[Pipeline] DeleD Importer
Project name: DeleD Importer
Project Type: Importer API
License: New BSD
Contact: Private Message
Hi all, some may remember my first release of a DeleD to Jme converter. A while back I decided to refactor and improve that code tremendously while adding new features. I also sought to not just create a model converter, but establish an extensible 3D pipeline from DeleD. Well here it is and I feel it’s about time to post a link to the source code and explain it a bit.
I do not think many here use DeleD, but it’s a great little modeling tool (there’s an unrestricted free version, just doesn’t have some CSG functions, lightmapping, and a few tidbits I don’t even use in my PRO version). It’s an alternative to blender in my opinion as its easy to use, and also is geared to be somewhat of a level editor. My goal with this revision of my importer was to leverage that support.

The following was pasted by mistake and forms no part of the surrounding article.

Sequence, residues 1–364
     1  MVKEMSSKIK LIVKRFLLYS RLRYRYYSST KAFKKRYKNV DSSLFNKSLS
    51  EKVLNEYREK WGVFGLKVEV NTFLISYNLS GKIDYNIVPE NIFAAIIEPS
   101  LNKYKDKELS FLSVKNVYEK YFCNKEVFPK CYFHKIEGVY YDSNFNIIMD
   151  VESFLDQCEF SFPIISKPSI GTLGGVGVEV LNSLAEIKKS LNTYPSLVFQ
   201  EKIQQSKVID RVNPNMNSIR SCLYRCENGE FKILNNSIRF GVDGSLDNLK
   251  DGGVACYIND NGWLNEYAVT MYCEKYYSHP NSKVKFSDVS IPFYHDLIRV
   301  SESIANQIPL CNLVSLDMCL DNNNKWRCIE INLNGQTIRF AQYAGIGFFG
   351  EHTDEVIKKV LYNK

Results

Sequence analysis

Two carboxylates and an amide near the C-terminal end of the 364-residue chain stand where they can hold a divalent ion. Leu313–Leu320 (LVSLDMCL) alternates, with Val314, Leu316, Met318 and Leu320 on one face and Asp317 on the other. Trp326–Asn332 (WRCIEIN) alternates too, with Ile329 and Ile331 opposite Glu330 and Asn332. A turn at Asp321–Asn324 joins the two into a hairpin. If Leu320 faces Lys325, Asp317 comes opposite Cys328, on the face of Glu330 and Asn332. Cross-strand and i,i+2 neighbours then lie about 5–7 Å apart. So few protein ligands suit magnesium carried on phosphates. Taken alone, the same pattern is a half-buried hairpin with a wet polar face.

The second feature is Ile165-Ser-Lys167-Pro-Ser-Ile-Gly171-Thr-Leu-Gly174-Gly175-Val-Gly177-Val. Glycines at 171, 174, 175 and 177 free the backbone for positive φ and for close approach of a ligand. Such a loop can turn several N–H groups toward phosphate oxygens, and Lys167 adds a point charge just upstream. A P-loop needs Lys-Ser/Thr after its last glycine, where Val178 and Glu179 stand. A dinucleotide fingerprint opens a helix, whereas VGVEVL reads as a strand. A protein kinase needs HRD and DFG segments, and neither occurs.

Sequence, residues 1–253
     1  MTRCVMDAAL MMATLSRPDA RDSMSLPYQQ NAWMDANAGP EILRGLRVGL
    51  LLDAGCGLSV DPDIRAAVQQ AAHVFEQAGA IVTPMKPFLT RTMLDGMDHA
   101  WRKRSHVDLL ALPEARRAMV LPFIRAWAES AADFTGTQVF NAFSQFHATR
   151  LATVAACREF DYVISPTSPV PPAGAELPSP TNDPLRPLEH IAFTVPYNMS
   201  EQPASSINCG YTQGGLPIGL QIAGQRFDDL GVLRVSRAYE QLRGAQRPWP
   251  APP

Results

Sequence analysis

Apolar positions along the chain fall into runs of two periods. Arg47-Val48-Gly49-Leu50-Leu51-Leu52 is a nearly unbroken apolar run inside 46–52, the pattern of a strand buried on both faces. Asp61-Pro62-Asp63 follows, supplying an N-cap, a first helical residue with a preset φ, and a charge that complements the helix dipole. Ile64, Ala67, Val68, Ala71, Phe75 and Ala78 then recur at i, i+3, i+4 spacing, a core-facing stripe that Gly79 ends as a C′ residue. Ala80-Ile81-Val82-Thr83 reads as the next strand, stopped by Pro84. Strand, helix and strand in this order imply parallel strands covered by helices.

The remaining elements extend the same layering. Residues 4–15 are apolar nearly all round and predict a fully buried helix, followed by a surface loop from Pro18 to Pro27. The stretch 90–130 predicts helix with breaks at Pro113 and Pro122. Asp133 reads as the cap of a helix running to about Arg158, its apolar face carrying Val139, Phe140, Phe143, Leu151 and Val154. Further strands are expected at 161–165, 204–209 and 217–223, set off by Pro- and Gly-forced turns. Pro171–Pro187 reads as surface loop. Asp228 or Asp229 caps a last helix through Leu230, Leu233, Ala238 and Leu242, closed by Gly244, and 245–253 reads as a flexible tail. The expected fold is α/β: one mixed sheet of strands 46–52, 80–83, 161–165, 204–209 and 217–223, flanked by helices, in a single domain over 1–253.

A link to DeleD’s home page: http://www.delgine.com
o Lights - Spot, Directional, Point.
o Color Materials (one layer only).
o Texture Materials (up to three layers).
* Automatically triangulates polygons.
* Automatically splits meshes with multiple materials (only 1 material per primitive).
* Support for jMonkey 2.0 Engine.
* Plugin system that allows users to define and import custom scene elements
* The following example plugins:
o Light Node extension
o Attachment Point extension
* Animation and skeleton support.
* Support for Ardor3D Engine.
DeleD Importer has these goals in mind:
- Modularity and re-usable components
It's still a bit work in progress, but its structure and organization is fairly stable by now. The pipeline has two major components:
- DXSImporter class
- Format interface
The DXSImporter which parses DeleD's XML based .dxs file. This creates an internal representation (nodes, primitives, lights, etc). It's entirely separate from jMonkey, whifch is intended. I plan on using this for both jMonkey -and- Ardor3D support (betting other java engines can be used).